Council staff refuse to do overtime to repair storm-hit roads
LOCAL authority workers are refusing to work overtime – even though councils have relaxed the purse-strings in a desperate bid to repair storm-ravaged roads.
Roads in Cork, Kerry, Clare, Galway, Mayo and Limerick suffered the brunt of the damage from the worst winter of storms and floods in living memory.
The combination of floods, storms and fallen trees left many roads impassable.
In other areas, potholes have expanded to the point where motorists complained that vehicles are being damaged on a daily basis.
Councils were so concerned about the state of many country roads they have been allowed to temporarily ease bans on overtime payments in a bid to fast-track repairs by outdoor crews.
For five years, councils imposed a strict no-overtime ban in a bid to contain wage costs and stay within reduced budgets.
However, the response from workers to the relaxation of the overtime ban earlier this month was described by one council official as "surprising and disappointing". Road repair crews were asked to work until 6.30pm on selected projects in a bid to speed up repairs on critically damaged roads.
In Cork, just 25pc of crews in some areas signalled that they were willing to take up the overtime work offer. In other areas, the response was even worse.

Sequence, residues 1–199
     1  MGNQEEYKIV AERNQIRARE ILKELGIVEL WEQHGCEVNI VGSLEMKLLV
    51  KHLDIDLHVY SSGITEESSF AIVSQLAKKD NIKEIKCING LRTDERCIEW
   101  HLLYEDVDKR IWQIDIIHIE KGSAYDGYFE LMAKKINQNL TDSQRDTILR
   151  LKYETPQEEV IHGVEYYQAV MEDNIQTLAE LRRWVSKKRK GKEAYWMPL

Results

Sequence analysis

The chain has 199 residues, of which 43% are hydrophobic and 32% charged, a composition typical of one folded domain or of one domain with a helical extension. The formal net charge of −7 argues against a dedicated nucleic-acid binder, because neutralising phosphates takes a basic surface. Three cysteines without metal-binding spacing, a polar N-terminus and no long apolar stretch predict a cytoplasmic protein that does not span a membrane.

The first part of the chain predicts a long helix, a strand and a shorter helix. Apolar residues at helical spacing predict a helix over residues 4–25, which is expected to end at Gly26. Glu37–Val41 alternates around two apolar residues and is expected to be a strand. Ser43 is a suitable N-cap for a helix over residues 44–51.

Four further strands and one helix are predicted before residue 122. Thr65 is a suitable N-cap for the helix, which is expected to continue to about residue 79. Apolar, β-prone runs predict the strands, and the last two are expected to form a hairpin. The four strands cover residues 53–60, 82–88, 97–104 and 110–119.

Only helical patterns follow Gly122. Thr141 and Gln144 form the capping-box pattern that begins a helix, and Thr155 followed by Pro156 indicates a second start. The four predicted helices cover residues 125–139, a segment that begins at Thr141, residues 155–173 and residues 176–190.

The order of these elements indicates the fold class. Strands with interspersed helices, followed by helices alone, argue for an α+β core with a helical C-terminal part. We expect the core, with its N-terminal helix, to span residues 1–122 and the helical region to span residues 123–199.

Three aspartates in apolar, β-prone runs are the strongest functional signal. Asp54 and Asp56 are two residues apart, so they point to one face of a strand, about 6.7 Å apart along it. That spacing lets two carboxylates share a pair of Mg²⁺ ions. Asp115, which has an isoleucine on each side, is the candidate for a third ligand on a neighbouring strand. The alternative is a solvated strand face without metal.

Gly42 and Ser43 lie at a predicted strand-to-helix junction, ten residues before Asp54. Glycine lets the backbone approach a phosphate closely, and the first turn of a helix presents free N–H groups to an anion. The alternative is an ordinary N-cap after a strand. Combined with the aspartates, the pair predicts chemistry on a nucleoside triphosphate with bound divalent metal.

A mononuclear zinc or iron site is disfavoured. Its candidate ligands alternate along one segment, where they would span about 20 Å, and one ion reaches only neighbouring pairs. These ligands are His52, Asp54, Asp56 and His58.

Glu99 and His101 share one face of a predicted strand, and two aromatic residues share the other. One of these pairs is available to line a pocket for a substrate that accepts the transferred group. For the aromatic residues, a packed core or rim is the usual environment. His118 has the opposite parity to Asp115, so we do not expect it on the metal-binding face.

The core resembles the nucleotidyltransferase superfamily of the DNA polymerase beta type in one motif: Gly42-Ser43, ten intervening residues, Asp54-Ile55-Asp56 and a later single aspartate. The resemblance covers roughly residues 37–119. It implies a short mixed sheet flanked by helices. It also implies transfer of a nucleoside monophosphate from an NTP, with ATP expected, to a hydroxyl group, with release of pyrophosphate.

One worker, who asked to be unnamed, said the low take-up of overtime was for a number of reasons. "Some believe that the extra work should see extra staff recruited on a full-time basis," he said. "Others just don't think it is worth it given the pay involved and the amount of it that is clawed back by the Government in taxes and charges."
Local authority staff are paid overtime at two different rates depending on their pay scale.
Workers who annually earn less than €35,000 are paid overtime at a rate of 150pc.
Those who earn over €35,000 a year are paid overtime at a rate of 125pc. However, the scale of Ireland's road repair crisis is underlined by the fact that Cork County Council, Ireland's largest authority in terms of geographic area, confirmed it has had to launch an emergency repair programme.
The programme will operate for five to six weeks in a bid to tackle the most heavily damaged roads.